What does shared custody even mean?

Posted on Jun 29, 2016 by Katie Carter

Custody cases are the worst, especially in terms of the levels of anxiety that moms feel as they begin to prepare for one. There’s a lot of fear there (and understandably so), and often that fear makes it difficult for moms to separate the horror stories from the actual, factual truth about what could happen in the courtroom.
We’ve all heard a horror story or twelve, and it doesn’t help that we’ve all watched TV and seen these types of scenarios unfold dramatically (or maybe “cinematically” would be more accurate) and unfairly. We’ve got general ideas about how the court rules, and generally I hear crazy things, like that it’s all in mom’s favor when it comes to the kids (it’s not), or that judges and guardians ad litem today are always on dad’s side (they’re not).
Family law cases have touched a lot of people’s lives in a really personal way. We almost all know someone who has been through a traumatic divorce or custody case, and it’s exactly those kinds of experiences that drive so many women to browse the internet at 2 am looking for solutions to all of their problems.
I know we all worry about all the possible ways that our particular case could go wrong, and it’s those kinds of deep seated fears that keep us awake at night. It’s hard to turn off the anxiety sometimes—especially when what you’re worried about is something as fundamental as whether you might possibly lose custody of your kids.
In a way, in the beginning, it almost all seems like losing anyway, doesn’t it? When a relationship breaks up, and there are kids involved, there’s a fundamental shift in the family. Rather than having “family time” together (even if not all parties are present), there becomes a separate and specific time for each parent to spend with the children. For the mother who has always been involved in every little detail of her child(ren)’s lives, this can come as a major shock. Going from family time to mom time and dad time is disconcerting; there’s no question that it’s a major change. And, in a lot of ways, it seems like the sheer fact that there is dad time (to which mom, presumably, is no longer invited) is a kind of losing.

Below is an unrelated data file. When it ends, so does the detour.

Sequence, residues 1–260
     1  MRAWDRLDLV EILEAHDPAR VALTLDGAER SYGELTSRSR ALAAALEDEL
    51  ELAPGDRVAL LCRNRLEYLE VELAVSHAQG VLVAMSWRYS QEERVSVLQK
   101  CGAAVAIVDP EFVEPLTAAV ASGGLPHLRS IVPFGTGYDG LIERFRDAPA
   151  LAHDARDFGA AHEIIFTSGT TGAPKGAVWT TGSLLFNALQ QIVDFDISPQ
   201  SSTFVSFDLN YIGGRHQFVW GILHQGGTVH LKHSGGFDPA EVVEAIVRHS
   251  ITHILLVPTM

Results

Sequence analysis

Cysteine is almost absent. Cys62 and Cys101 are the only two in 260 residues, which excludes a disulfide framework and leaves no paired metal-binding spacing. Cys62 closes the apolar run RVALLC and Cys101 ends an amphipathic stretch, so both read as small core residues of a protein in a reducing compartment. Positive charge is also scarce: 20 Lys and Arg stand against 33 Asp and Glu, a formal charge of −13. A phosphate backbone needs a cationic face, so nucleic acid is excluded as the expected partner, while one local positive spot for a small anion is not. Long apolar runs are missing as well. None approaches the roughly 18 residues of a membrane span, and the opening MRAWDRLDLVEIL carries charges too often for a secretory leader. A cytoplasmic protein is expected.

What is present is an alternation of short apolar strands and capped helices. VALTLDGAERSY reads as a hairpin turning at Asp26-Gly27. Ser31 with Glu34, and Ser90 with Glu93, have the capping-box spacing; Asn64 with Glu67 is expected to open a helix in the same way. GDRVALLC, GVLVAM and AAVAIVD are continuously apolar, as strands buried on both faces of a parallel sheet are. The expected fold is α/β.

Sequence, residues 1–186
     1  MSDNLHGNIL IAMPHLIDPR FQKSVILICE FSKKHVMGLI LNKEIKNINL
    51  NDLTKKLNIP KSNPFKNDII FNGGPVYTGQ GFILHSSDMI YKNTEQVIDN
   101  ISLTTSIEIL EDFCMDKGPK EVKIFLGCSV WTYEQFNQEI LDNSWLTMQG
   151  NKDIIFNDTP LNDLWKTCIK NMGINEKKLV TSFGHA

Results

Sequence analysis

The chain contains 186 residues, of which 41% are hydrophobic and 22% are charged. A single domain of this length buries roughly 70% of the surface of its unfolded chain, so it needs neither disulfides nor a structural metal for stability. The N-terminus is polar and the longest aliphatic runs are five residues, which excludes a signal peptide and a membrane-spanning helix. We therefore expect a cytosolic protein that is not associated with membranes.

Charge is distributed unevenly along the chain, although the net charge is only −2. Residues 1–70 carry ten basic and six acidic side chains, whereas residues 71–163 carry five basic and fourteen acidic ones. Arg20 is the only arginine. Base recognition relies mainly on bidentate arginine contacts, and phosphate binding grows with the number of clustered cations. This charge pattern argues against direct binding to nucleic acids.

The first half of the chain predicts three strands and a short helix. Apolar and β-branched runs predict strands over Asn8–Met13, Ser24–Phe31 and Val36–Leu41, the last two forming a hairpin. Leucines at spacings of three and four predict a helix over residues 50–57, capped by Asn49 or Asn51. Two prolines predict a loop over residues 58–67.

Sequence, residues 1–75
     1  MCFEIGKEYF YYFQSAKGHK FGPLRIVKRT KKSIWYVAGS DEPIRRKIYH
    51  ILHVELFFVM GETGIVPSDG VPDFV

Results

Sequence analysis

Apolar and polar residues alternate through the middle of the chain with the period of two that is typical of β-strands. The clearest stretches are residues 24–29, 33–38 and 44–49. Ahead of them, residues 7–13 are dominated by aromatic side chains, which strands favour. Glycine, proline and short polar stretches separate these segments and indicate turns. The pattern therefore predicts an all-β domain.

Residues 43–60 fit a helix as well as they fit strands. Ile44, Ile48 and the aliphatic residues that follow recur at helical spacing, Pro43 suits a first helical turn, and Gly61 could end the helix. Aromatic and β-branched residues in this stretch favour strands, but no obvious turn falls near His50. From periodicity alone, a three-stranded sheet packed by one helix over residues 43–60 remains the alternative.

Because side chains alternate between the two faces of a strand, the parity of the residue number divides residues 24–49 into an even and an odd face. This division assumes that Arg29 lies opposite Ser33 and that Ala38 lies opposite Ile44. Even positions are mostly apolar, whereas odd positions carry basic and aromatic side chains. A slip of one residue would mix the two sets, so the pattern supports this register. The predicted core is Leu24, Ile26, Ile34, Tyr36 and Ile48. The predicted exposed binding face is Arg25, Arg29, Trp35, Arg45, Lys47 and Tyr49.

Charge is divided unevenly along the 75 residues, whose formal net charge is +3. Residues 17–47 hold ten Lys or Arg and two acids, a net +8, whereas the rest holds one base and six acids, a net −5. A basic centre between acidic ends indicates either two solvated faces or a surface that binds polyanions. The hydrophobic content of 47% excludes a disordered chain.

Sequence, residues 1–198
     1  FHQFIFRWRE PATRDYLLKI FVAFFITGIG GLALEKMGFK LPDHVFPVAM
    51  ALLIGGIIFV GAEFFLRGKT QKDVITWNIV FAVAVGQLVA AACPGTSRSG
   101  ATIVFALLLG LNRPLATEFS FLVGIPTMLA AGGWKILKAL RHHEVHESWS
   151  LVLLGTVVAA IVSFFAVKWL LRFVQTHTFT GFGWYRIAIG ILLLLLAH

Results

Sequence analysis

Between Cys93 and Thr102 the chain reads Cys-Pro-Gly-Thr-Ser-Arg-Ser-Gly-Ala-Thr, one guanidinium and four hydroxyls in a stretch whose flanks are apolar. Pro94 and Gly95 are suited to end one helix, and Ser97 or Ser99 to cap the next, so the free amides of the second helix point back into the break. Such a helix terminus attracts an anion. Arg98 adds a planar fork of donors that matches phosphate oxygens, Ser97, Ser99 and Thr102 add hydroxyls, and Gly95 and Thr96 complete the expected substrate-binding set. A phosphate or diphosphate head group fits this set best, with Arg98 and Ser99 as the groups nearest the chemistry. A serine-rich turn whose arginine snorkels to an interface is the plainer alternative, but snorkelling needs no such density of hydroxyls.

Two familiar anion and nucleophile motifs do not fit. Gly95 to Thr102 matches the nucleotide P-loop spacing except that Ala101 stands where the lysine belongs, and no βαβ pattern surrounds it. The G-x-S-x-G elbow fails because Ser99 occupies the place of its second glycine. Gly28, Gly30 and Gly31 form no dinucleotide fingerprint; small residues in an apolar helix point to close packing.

With those types of feelings as the backdrop, it’s hard to even imagine a custody case—and, with it, the possibility of losing custody entirely. Even the idea of having a custody and visitation schedule formally ordered is alarming.
But don’t get too far ahead of yourself. There’s no doubt that custody cases are scary and intimidating, and come with a whole host of difficulties, but you don’t need to add more anxiety on to yourself. What you need, at this point, is to get as much up to date, Virginia specific information as possible, so that you know what to expect. Most important, probably, is knowing what can and can’t happen, and how that might play out in your life.
First and foremost, you should know, that in general, in Virginia, custody is not really a winning or losing proposition. The courts don’t just take custody away from good moms. If you abuse your kids or something, sure, you risk losing custody, but that’s a rare case, not a normal one. Most of the time, in most custody cases, two pretty good parents are fighting each other for more time with the kids. In that type of case, you won’t lose custody—at least, not in the sense that the court would award custody to dad and take it away from you. (Again, not unless there’s abuse or neglect allegations, or some kind of extenuating circumstances, like that your new live in boyfriend is a registered sex offender. It takes some pretty serious facts to warrant a major change in custody.)
What do we see in most cases? Well, most of the time, custody is decided in an agreement. Mom and dad agree, for whatever reason, that either mom or dad will have primary physical custody, or that mom and dad will share physical custody of the child. It’s written down in an agreement that both parents sign, and everybody is mostly happy with it.